RAMALLAH, West Bank — The Islamic militant group Hamas has announced a number of key concessions to the rival Fatah movement that could potentially pave the way for reconciliation after a 10-year rift that has left the Palestinians torn between two governments. But ending the division between the bitter rivals is far away and far from certain.
Hamas won legislative elections in 2006 and the following year seized control of the Gaza Strip from President Mahmoud Abbas’ Fatah-led forces, leaving Abbas only in charge of autonomous enclaves in the West Bank.
Repeated attempts at ending the rift have failed but this time could be different.
Hamas, in financial and political distress after years of an Israeli-Egyptian blockade, this week announced it was disbanding a contentious committee that has governed Gaza in recent months. It also said it was ready to hand over all government functions to Abbas and to hold elections in Gaza and the West Bank.
The announcement addressed key demands by Abbas, and the Palestinian president cautiously welcomed Hamas’ gesture.
Here is a look at what needs to happen for the Palestinians to finally reconcile, and the remaining obstacles that could still trip up those efforts.
Q: Why did Hamas make these concessions?
Gaza’s economy has been hit hard by the blockade and three wars with Israel. Unemployment is over 40 percent, Gaza’s 2 million people receive only a few hours of electricity a day and thousands of people are unable to travel abroad because the borders are largely closed.
Abbas has also been stepping up pressure on Hamas. He cut the salaries of thousands of civil servants still on his payroll and stopped paying for Israeli electricity shipments to Gaza. The cash-strapped Hamas could not make up the loss of tens of millions of dollars that Gaza receives from Abbas’ internationally backed government.
“It was not possible for the Palestinian Authority to finance the Hamas-run government,” said Mohammed Ishtayeh, a top Fatah official. “The Palestinian Authority gave Hamas two choices: either govern and finance the government, or give up the government.”
But Hamas also has been undergoing some major internal changes. Early this year, it endorsed a new political document that distanced itself from the region-wide Muslim Brotherhood group. Instead, it redefined itself as a “Palestinian national liberation movement with an Islamic dimension.”
The change could allow for closer ties with neighboring Egypt, where the government took office after a military coup ousted a president who was a Muslim Brotherhood member. Cairo also outlawed the Brotherhood as a terrorist organization.
Hamas held new elections earlier this year. Its new Gaza leader, Yehya Sinwar, is a decisive figure who has close ties to the group’s military wing. Hamas officials say Sinwar believes Hamas should have remained a “resistance” and opposition movement, not a government.
“Sinwar was waiting for the moment to abandon the government and return and stay in the resistance and the opposition circle,” said one official, who spoke on condition of anonymity because he was discussing internal Hamas deliberations.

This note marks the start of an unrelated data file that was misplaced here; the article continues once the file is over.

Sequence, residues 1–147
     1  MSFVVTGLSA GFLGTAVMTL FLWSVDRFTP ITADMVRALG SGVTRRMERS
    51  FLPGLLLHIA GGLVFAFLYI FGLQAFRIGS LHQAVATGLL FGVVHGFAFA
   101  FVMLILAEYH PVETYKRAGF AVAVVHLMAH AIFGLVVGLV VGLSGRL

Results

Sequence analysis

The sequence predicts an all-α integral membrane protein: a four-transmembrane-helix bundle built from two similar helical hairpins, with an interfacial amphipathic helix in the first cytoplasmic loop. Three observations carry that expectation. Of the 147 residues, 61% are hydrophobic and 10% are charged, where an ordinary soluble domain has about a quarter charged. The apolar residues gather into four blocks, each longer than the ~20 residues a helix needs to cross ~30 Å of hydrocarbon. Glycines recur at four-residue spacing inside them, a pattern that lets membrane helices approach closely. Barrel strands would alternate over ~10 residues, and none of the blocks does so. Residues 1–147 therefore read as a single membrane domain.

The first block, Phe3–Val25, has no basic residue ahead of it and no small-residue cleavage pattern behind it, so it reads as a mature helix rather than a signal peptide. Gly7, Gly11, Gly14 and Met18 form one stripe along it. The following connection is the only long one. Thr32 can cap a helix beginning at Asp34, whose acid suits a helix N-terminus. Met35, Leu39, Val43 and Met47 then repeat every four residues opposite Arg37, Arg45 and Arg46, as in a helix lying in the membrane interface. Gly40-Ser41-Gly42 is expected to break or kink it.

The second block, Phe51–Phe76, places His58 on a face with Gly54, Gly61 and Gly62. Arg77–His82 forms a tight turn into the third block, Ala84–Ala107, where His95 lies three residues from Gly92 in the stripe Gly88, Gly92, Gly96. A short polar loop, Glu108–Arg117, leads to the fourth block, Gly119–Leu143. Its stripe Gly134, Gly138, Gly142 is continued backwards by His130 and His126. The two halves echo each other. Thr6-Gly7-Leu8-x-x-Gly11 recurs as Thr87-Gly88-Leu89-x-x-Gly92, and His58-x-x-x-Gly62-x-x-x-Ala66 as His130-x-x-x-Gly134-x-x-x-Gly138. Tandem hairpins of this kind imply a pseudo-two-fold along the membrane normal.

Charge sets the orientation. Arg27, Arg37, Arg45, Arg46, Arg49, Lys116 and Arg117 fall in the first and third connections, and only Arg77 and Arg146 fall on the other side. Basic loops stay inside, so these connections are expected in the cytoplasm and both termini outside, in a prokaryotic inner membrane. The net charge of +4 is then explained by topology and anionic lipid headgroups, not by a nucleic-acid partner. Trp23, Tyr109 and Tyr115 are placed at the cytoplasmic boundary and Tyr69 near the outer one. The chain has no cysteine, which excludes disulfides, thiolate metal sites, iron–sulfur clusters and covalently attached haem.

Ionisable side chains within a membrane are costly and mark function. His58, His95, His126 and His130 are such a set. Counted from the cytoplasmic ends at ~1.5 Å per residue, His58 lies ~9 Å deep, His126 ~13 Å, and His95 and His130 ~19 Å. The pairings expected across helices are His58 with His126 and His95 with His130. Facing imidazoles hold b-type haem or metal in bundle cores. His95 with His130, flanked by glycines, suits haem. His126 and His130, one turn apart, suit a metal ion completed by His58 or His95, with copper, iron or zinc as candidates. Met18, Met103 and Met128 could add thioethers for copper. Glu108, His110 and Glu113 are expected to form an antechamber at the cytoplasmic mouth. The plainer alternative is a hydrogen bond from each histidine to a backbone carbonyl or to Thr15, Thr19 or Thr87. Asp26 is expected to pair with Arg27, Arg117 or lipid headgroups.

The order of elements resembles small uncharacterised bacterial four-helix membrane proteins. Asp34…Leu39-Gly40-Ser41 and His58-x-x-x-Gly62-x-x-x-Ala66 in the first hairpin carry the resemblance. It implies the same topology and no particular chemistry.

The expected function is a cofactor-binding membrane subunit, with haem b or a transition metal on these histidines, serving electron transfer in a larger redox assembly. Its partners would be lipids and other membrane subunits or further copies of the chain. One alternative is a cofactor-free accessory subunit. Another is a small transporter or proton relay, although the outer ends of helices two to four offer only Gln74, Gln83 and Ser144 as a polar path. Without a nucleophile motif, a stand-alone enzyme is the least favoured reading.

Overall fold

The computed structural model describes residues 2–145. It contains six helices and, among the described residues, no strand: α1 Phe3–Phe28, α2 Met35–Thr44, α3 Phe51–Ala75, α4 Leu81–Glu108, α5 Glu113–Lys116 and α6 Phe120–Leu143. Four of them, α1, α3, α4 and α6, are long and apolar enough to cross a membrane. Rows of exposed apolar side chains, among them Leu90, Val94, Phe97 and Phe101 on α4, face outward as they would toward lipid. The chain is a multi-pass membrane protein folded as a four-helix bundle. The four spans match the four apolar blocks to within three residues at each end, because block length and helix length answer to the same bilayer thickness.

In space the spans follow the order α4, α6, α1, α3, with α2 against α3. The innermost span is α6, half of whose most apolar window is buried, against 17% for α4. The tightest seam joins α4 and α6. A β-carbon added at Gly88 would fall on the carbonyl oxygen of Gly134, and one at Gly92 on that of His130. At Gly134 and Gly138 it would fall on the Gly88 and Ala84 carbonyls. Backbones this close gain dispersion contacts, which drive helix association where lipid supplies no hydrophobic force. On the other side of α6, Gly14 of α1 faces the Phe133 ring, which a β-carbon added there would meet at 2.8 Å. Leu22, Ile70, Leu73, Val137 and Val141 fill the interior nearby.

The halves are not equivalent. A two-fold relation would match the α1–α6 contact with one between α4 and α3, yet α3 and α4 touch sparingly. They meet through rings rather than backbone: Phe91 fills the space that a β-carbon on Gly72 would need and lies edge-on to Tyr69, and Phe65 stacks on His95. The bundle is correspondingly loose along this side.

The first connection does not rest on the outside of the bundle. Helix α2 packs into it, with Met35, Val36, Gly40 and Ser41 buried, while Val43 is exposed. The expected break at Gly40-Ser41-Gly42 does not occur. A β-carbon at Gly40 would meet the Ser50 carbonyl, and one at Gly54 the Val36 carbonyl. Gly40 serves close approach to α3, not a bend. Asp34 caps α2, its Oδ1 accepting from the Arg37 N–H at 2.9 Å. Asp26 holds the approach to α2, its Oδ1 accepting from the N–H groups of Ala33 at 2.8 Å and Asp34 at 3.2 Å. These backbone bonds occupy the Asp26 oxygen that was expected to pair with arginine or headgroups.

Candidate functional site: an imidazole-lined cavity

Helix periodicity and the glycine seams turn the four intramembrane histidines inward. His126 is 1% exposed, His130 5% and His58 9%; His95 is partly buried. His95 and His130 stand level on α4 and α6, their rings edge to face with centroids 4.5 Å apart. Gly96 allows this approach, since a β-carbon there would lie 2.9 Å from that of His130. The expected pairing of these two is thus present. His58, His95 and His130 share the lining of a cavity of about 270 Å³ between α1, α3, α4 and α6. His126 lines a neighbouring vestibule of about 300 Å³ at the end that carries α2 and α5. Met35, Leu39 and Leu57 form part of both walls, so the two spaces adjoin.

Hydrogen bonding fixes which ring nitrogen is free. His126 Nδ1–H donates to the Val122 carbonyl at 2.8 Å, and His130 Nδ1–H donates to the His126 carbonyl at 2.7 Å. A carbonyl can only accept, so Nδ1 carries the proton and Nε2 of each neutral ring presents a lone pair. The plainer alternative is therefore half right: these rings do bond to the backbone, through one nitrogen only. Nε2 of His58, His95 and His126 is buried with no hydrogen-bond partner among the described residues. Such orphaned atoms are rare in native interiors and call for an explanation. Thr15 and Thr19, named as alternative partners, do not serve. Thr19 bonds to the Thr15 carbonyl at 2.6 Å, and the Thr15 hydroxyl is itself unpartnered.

Q: How have Abbas and Hamas reacted since the announcement?
Abbas’ government and party both welcomed the Hamas announcement, issued after several days of talks with Egyptian mediators. The Palestinian president, in New York for the U.N. General Assembly, is expected to discuss his plans for progress when he returns to the region on Thursday.
Hamas, meanwhile, has instructed its officials to be positive and hand over senior posts to the Abbas government.
Q: What obstacles remain?
Hamas is eager to get the blockade lifted and open Gaza to the outside world. But it still wants a say on security, political and economic issues in the coastal strip.
The group has thousands of armed fighters and a sizeable arsenal of rockets and mortar shells. It has always resisted calls to disarm or place its men under Abbas’ control. It is doubtful that this time will be any different, or whether it will give up its control over key financial agencies.
There also has been no answer from Israel. The Israelis consider Hamas, which seeks its destruction, a terrorist organization and are unlikely to accept an alliance between Abbas and the group.
Q: Hamas recently announced an understanding with Mohammed Dahlan, a former Palestinian security chief who has become Abbas’ top rival. How will this impact relations?
Hamas says its agreement with Abbas will have no impact on its relationship with Dahlan, and that it remains committed to working with him.
“We have informed Egypt that we are engaged with Dahlan on a social reconciliation process that cannot be halted,” said a second Hamas official, also speaking on condition of anonymity. “Dahlan is a part of the Palestinian political spectrum.”
It is unclear whether Abbas will tolerate a return of Dahlan, who has lived in exile since a falling out with the president in 2010.
Q: Would Abbas share power with Hamas?
Abbas has shown no willingness to have a partnership with Hamas, which is shunned by his Western backers as a terrorist group.
In an official statement, Abbas only said that he was “relieved” by the agreement brokered by Egypt.
Azzam al-Ahmad, an Abbas aide, said more talks on the procedural issues will be held in Cairo in the coming weeks.